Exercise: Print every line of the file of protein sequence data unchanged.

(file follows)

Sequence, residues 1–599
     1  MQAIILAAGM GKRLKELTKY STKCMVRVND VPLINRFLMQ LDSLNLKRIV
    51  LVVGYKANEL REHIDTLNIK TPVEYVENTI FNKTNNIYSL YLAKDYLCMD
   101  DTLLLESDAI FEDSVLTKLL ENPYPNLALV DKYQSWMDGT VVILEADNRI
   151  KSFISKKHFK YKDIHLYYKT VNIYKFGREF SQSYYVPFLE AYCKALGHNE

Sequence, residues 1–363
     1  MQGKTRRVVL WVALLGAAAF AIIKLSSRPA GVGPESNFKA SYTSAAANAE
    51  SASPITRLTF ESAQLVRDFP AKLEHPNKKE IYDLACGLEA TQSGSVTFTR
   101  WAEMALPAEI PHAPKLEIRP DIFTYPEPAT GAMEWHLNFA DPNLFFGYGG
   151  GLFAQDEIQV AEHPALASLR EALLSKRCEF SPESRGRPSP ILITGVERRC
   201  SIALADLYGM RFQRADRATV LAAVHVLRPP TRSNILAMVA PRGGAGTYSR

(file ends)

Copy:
Sequence, residues 1–599
     1  MQAIILAAGM GKRLKELTKY STKCMVRVND VPLINRFLMQ LDSLNLKRIV
    51  LVVGYKANEL REHIDTLNIK TPVEYVENTI FNKTNNIYSL YLAKDYLCMD
   101  DTLLLESDAI FEDSVLTKLL ENPYPNLALV DKYQSWMDGT VVILEADNRI
   151  KSFISKKHFK YKDIHLYYKT VNIYKFGREF SQSYYVPFLE AYCKALGHNE

Sequence, residues 1–363
     1  MQGKTRRVVL WVALLGAAAF AIIKLSSRPA GVGPESNFKA SYTSAAANAE
    51  SASPITRLTF ESAQLVRDFP AKLEHPNKKE IYDLACGLEA TQSGSVTFTR
   101  WAEMALPAEI PHAPKLEIRP DIFTYPEPAT GAMEWHLNFA DPNLFFGYGG
   151  GLFAQDEIQV AEHPALASLR EALLSKRCEF SPESRGRPSP ILITGVERRC
   201  SIALADLYGM RFQRADRATV LAAVHVLRPP TRSNILAMVA PRGGAGTYSR